Absalom (1912) A Silent Film Review

There’s malice in the royal palace when King David’s hottest son, Absalom, decides to stage himself a little coup de tat. Lots of stencil-colored Biblical war in this impressive French production.

Home Media Availability: Released for streaming.

Bad hair day

Biblical subjects were quite popular in the early days of silent film. At a time when the entire art was being attacked for encouraging criminal activity and general lawlessness, stories from the Good Book were essentially censor-proof and would attract audiences that might have otherwise avoided the theater.


Biblical films also fulfilled the desire for bigger, grander, more epic productions. Italy correctly receives a lot of credit for pioneering epic filmmaking but all of the major production centers were trying their hand at historical subjects with splendid costumes, extra-heavy battles and even location shoots.

Henri Andréani directed a series of religious films for Pathé Frères, most in the years leading up to the First World War. Not many of his pictures are available for viewing but he seemed to take a completist approach to his subject and tackled both popular and familiar topics (Moses Saved from the Waters) as well as deeper dives into the book of Judges (Jael and Sisera looks particularly tempting).

David (right) crowning Solomon instead of Absalom.

Absalom falls into the latter category. Considering his importance in major religions, King David doesn’t have nearly the box office draw or cinematic longevity of Moses, the undisputed champion of Old Testament cinematic leads. (You could argue the point but movie nerds are saying “Let my people go!” and not whatever Gregory Peck said in David and Bathsheba.) And Absalom, while incredibly popular for poetic titles, is not such an appealing character for filmmakers, it seems.

For those of you unfamiliar with Absalom, here is the very brief skinny: Absalom was so handsome that he basically caused fainting wherever he went and his boasted some of the most luxuriant locks in all the land. “But in all Israel there was none to be so much praised as Absalom for his beauty: from the sole of his foot even to the crown of his head there was no blemish in him.”

Absalom schmoozes.

The film skips over quite a few events and gets right down to the business of rebellion, telescoping a bit and making Absalom jealous of his half-brother, Solomon, and deciding to seize the throne from his father, King David. (Absalom’s full sister, Tamar, was raped by his half-brother, Amnon. Absalom murdered Amnon. This is all hand-waved away in a title card but audiences of the time would have likely been familiar with the full story.)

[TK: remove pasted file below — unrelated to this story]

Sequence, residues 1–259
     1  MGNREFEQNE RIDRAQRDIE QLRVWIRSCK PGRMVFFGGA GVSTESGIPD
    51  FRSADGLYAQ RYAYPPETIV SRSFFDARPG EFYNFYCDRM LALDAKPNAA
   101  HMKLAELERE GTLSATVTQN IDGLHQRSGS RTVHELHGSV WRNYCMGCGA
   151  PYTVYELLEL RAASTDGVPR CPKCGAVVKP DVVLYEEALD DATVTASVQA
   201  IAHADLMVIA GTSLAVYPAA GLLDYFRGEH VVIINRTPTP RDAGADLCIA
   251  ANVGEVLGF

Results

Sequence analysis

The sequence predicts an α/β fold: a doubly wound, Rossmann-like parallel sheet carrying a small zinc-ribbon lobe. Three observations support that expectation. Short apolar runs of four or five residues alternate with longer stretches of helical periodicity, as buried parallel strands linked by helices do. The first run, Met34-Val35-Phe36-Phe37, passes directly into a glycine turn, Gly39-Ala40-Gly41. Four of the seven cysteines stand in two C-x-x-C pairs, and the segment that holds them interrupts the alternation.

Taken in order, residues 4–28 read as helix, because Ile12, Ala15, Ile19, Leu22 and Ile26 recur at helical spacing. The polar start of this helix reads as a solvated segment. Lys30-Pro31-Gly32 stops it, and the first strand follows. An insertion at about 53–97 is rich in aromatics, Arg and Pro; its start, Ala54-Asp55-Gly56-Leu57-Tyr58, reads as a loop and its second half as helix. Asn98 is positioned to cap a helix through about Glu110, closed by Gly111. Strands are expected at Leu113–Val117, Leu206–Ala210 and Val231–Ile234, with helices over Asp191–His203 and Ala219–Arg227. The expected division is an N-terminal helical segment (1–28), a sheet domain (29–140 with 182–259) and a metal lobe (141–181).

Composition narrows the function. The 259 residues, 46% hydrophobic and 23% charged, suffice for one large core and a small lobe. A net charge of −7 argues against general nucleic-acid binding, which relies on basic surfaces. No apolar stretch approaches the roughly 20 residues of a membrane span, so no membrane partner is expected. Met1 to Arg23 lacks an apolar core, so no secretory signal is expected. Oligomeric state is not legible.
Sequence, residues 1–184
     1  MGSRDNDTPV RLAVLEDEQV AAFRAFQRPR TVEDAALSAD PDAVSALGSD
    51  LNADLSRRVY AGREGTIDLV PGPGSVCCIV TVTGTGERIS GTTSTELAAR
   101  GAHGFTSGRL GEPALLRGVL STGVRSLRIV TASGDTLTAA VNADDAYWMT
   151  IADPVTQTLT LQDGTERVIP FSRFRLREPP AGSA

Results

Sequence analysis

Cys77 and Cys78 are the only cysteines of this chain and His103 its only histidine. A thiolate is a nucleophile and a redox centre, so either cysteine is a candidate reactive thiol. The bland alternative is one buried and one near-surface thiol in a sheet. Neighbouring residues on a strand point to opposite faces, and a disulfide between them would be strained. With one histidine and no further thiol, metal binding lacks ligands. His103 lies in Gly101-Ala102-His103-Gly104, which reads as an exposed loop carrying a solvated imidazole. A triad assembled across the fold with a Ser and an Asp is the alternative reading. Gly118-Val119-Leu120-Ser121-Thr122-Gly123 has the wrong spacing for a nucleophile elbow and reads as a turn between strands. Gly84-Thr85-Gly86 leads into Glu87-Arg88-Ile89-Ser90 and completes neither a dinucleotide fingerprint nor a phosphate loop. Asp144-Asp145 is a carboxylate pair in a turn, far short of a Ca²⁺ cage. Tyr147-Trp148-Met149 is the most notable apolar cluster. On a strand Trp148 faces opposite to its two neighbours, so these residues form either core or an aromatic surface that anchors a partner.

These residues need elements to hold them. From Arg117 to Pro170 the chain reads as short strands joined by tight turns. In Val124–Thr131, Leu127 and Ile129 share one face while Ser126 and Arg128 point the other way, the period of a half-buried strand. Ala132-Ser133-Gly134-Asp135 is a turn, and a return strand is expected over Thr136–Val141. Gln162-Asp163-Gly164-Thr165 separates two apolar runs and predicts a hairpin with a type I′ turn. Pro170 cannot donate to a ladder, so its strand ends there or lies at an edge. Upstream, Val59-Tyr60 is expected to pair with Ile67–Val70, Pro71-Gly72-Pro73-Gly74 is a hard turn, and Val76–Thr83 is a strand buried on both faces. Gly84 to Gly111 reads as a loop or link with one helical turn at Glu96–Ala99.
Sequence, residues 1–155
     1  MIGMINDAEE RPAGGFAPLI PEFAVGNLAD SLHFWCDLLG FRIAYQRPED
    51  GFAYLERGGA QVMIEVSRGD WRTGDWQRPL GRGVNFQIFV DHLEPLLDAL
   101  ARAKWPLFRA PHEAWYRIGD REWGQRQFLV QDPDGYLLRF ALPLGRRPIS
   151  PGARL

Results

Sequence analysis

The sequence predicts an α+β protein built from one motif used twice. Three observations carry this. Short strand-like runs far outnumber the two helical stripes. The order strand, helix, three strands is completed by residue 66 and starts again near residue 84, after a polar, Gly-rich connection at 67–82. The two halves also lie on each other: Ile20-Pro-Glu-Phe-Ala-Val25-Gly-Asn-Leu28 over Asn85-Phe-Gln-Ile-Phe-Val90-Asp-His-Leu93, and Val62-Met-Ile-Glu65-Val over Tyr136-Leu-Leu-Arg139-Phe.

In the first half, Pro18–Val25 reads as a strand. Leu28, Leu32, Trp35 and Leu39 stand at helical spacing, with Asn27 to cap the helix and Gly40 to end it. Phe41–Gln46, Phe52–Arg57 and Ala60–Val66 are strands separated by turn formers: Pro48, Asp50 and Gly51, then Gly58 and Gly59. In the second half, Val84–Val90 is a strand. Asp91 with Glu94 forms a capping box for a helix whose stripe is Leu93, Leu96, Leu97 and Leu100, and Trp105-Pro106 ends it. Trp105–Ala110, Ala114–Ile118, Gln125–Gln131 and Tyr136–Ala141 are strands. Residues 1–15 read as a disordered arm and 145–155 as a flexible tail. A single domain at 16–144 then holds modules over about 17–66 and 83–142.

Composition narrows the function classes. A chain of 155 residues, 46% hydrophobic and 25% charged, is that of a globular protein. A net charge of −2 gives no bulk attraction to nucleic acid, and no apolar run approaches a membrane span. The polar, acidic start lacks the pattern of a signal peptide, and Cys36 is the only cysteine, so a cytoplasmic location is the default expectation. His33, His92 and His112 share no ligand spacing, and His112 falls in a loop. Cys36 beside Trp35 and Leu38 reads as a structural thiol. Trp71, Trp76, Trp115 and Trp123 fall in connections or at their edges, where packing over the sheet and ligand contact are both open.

Absalom wages a charm offensive to try to win over the populace and then, assisted by traitorous Ahithophel, prepares for a shooting war with his father with the crown of Israel as the prize. David is forced to flee Absalom’s superior forces but he has a trick up his royal sleeve. David has his friend Hushai feign allegiance to the rebellion and act as a spy and saboteur.

Joab gets stabby.

Absalom heads out to crush forces loyal to David but Hushai gives them a heads up and it is Absalom who is crushed. Per biblical custom, Absalom attempts to flee, is caught in a tree by his lush locks and is stabbed three times by Joab despite David’s orders that his son not be harmed. (Without getting too deep in the weeds, that is so Joab.) David loudly mourns his son and the film ends.

Team Ahithophel!

Well, I have to say that I had a lot of fun with this one! The cast list doesn’t seem to be complete but I must give kudos to the performer who plays Ahithophel. He blusters and shouts and generally swallows the scenery whole. It’s the sort of giant performance we would expect from, say, Wallace Beery in the next decade of filmmaking. And Joab is exactly as stabby as we could wish, gleefully punching darts into Absalom’s mid-section.